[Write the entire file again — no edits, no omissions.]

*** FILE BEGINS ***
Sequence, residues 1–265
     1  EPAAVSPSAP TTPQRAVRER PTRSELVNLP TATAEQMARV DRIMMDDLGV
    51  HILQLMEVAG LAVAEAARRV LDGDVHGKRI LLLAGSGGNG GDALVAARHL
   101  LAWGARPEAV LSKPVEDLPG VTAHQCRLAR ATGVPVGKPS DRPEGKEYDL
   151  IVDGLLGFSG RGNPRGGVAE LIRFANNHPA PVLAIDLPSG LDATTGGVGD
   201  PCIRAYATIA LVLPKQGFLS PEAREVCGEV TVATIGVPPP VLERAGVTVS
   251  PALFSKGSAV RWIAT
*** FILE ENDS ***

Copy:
Sequence, residues 1–265
     1  EPAAVSPSAP TTPQRAVRER PTRSELVNLP TATAEQMARV DRIMMDDLGV
    51  HILQLMEVAG LAVAEAARRV LDGDVHGKRI LLLAGSGGNG GDALVAARHL
   101  LAWGARPEAV LSKPVEDLPG VTAHQCRLAR ATGVPVGKPS DRPEGKEYDL
   151  IVDGLLGFSG RGNPRGGVAE LIRFANNHPA PVLAIDLPSG LDATTGGVGD
   201  PCIRAYATIA LVLPKQGFLS PEAREVCGEV TVATIGVPPP VLERAGVTVS
   251  PALFSKGSAV RWIAT